Part (iii) of Theorem 2.5 tells us that since gcd(5, 6) = 1, we may cancel the common factor of 5 from both sides of (2.4), obtaining 2 ≡ −4 (mod 6), which one can also verify directly.

Next observe that

15·5≡15·3 (mod 6). (2.5)

We cannot simply cancel the common factor of 15 from both sides of (2.5); indeed, 56≡3 (mod 6). However, gcd(15, 6)=3, and as part (iii) of Theorem 2.5 guaran- tees, we do indeed have 5≡3 (mod 2). 2

Modular inverses. Again, let a,n ∈ Z with n > 0. We say that z ∈ Z is a multiplicative inverse ofamodulonifaz≡ 1 (modn). Part (i) of Theorem 2.5 says that a has a multiplicative inverse modulo n if and only if gcd(a,n) = 1. Moreover, part (iii) of Theorem 2.5 says that the multiplicative inverse of a, if it exists, is uniquely determined modulon; that is, if z andz0 are multiplicative inverses of a modulon, then zz0 (modn). Note that if zis a multiplicative inverse ofamodulon, thenais a multiplicative inverse ofzmodulon. Also note that ifaa0 (modn), thenzis a multiplicative inverse ofamodulonif and only ifzis a multiplicative inverse ofa0modulon.

Now suppose thata,b,nZwithn >0,a6=0, and gcd(a,n)=1. Theorem 2.5 says that there exists a unique integerzsatisfying

Setting s := b/aQ, we may generalize the “mod” operation, definingsmod

n to be this value z. As the reader may easily verify, this definition of smodn

does not depend on the particular choice of fraction used to represent the rational numbers. With this notation, we can simply writea−1modnto denote the unique multiplicative inverse ofamodulonthat lies in the interval 0, . . . ,n−1.

Example 2.4. Looking back at the table in Example 2.2, we see that 2−1mod 15=8 and 4−1 mod 15=4, and that neither 3, 5, nor 6 have modular inverses modulo 15. 2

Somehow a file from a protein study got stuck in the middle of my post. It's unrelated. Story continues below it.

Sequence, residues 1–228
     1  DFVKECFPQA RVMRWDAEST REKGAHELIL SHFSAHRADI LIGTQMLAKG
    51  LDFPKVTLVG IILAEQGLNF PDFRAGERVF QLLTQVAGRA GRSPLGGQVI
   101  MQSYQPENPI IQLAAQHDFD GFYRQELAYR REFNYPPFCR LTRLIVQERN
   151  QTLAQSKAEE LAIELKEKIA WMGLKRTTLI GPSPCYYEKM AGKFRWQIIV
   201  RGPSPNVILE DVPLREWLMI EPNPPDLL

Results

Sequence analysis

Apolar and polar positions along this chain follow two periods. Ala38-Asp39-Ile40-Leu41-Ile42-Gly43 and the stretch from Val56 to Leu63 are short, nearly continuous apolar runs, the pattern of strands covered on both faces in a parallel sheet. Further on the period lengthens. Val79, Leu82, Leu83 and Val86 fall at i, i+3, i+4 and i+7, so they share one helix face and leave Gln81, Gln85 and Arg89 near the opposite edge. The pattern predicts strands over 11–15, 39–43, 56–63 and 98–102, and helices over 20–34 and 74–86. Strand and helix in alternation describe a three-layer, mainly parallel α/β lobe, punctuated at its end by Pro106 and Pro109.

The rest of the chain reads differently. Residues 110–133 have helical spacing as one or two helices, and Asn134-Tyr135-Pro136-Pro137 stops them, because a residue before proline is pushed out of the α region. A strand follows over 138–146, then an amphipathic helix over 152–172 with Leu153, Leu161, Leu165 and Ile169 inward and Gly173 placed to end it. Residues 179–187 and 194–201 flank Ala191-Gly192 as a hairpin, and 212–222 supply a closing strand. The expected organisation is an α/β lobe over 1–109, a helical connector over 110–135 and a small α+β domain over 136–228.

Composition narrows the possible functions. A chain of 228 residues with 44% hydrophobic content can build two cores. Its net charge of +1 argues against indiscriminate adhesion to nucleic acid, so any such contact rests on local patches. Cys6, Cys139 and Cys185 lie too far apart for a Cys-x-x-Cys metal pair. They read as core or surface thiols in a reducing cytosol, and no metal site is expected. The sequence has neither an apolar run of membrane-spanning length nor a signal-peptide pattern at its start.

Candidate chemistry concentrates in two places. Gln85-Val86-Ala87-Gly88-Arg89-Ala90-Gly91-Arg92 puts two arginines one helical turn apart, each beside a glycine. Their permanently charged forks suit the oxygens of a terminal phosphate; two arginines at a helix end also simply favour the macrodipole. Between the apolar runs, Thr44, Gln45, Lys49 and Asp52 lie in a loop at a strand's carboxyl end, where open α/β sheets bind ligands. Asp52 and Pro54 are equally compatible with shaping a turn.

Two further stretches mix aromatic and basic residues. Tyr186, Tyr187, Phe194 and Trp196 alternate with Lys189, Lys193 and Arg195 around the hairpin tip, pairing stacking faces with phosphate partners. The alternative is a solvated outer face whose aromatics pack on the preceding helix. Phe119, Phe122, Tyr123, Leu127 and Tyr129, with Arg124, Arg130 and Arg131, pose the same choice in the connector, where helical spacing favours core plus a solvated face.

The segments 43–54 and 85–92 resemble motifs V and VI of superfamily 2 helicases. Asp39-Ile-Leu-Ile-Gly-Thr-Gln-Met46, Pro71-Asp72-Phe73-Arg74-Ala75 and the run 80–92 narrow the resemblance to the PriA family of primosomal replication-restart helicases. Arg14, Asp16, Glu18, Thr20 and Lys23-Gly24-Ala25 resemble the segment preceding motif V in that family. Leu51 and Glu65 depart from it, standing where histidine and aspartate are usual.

Example 2.5. Leta,b,n∈Zwithn >0. We can describe the set of solutionsz∈Z to the congruenceazb(modn) very succinctly in terms of modular inverses.

If gcd(a,n) = 1, then settingt := a−1 modn, andz0 := tbmodn, we see that z0is the unique solution to the congruenceazb(modn) that lies in the interval {0, . . . ,n−1}.

More generally, if d := gcd(a,n), then the congruence azb (mod n) has a solution if and only if d | b. So suppose that d | b. In this case, if we set

a0 :=a/d,b0 :=b/d, andn0 :=n/d, then for eachzZ, we haveazb(modn) if and only if a0zb0 (mod n0). Moreover, gcd(a0,n0) = 1, and therefore, if we set t := (a0)−1modn0 and z0 := tb0modn0, then the solutions to the con-

gruenceazb (mod n) that lie in the interval {0, . . . ,n−1}are thedintegers

z0,z0+n0, . . . ,z0+(d−1)n0. 2

EXERCISE 2.12. Leta1, . . . ,ak,b,nbe integers with n > 0. Show that the con-


a1z1+· · ·+akzkb(modn)

has a solutionz1, . . . ,zk ∈Zif and only ifd|b, whered:=gcd(a1, . . . ,ak,n).

EXERCISE 2.13. Letpbe a prime, and leta,b,c,ebe integers, such thate > 0,

a 6≡ 0 (mod pe+1), and 0 ≤ c < pe. Define N to be the number of integers

z∈ {0, . . . ,p2e−1}such that j

(az+b) modp2epek=c. Show thatN=pe.

2.4 The Chinese remainder theorem

Next, we consider systems of linear congruences with respect to moduli that are relatively prime in pairs. The result we state here is known as the Chinese remain- der theorem, and is extremely useful in a number of contexts.

2.4 The Chinese remainder theorem 23 Theorem 2.6 (Chinese remainder theorem). Let{ni}ki=1be a pairwise relatively

prime family of positive integers, and let a1, . . . ,ak be arbitrary integers. Then

there exists a solutionaZto the system of congruences

aai(modni) (i=1, . . . ,k).

Moreover, any a0 ∈ Zis a solution to this system of congruences if and only if

aa0(modn), wheren:=Qk i=1ni.